We often point to language as evidence of our species' superiority. But the way humans learn language may not be so foreign to other animals, after all.
A new study has found that the lowly pigeon may provide insight into how young children acquire language. Researchers at the University of Iowa found that pigeons are able to categorize and name dozens of objects, which means they engage in a type of associative learning that children also use to learn new words.
"Our main thesis is that associative learning may underlie the acquisition of complex behaviors, including human language," lead researcher Dr. Ed Wasserman told The Huffington Post. "If so, then our view of human language as altogether unique may need revision... What we learn from studying a model animal like a pigeon may not only point to important interspecies parallels, but also help us find ways for more effectively teaching children language, especially children with language disorders."
According to Wasserman, a psychologist who has been studying animal intelligence for decades, the findings also suggest that animals may be more intelligent than we often consider them to be, with learning mechanisms similar to those employed by humans.
In the experiment, three pigeons played a version of the "name game" in which they were shown 128 black-and-white images that fell into one of 16 different categories: baby, bottle, cake, car, cracker, dog, duck, fish, flower, hat, key, pen, phone, plan, shoe or tree. Then, they had to peck on either the correct symbol for that category or a randomly chosen one.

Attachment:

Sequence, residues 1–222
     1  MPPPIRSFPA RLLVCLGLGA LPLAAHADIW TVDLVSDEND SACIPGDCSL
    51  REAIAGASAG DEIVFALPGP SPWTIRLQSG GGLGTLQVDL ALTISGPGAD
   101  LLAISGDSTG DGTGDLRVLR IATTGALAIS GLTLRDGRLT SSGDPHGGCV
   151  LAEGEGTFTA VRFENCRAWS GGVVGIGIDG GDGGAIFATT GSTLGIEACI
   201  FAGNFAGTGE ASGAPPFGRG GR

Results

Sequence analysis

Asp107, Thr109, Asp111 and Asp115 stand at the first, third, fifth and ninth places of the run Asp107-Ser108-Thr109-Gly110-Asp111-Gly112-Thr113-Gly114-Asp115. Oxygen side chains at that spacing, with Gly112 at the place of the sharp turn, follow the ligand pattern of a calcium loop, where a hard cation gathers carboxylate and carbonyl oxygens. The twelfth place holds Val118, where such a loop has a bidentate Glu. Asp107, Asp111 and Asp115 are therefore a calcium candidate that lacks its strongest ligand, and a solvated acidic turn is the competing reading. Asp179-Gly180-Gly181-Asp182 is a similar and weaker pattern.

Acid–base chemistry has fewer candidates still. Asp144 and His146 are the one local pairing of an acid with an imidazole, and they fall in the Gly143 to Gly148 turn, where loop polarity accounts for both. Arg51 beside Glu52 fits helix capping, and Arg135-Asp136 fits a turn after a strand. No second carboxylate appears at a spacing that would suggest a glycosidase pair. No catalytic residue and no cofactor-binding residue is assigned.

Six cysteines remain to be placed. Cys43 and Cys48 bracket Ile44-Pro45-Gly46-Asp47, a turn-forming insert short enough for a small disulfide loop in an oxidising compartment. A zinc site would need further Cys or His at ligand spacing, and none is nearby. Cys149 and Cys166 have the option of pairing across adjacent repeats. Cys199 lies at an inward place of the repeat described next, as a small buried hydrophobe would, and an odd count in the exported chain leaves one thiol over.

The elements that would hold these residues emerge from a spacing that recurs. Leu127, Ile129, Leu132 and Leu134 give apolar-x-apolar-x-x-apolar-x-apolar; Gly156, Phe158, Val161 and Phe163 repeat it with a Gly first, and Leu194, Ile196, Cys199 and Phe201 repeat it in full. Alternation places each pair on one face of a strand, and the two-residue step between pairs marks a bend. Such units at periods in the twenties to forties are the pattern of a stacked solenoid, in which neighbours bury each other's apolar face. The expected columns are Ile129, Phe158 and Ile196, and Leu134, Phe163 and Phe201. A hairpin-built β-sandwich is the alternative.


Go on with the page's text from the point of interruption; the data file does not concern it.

The pigeons were shown an image of a dog along with two icons, one representing the dog and one that was random (see below). If it chose the correct icon, the pigeon was rewarded with food pellets. The pigeons were then able to make the same association for 15 other categories. Over time, pigeons learned to associate a specific icon with one of 16 different categories. They also learned that different breeds of dogs were part of the same larger "dog" category.
"We taught pigeons to associate specific visual stimuli (what we called pexigrams) with photos from a particular category," Wasserman explained. "We tried to model the many-to-many relations that hold when children learn words. Our success in this endeavor may require that we revise our views concerning the uniqueness of human language."
The research is the first on animals that captures some of the main aspects of associative learning -- mapping between stimuli and responses -- which children employ when learning words.
The way that pigeons engaged in mapping stimuli and responding to correct and incorrect answers suggests that the strategies children use to learn words may not be unique to humans. The findings may lead to a better understand of the associative principles children apply when learning new words.
But why study pigeons instead of just looking at children while they are acquiring language? The researchers selected pigeons in particular because they are more intelligent than many other birds, but they of course don't have the high-level reasoning abilities that humans do.
"We can and do study word learning in people, but they bring all sorts of high level reasoning abilities, problem solving strategies and background knowledge to the table," study co-author Bob McMurray told The Huffington Post. "It can be difficult to strip these things out to really focus on and isolate the mechanisms of learning. By using an animal model like a pigeon we can observe learning in its rawest form and figure out how it works. It helps to isolate this one small part of how humans learn language and figure out what it can do."
The findings were published online in the journal Cognition.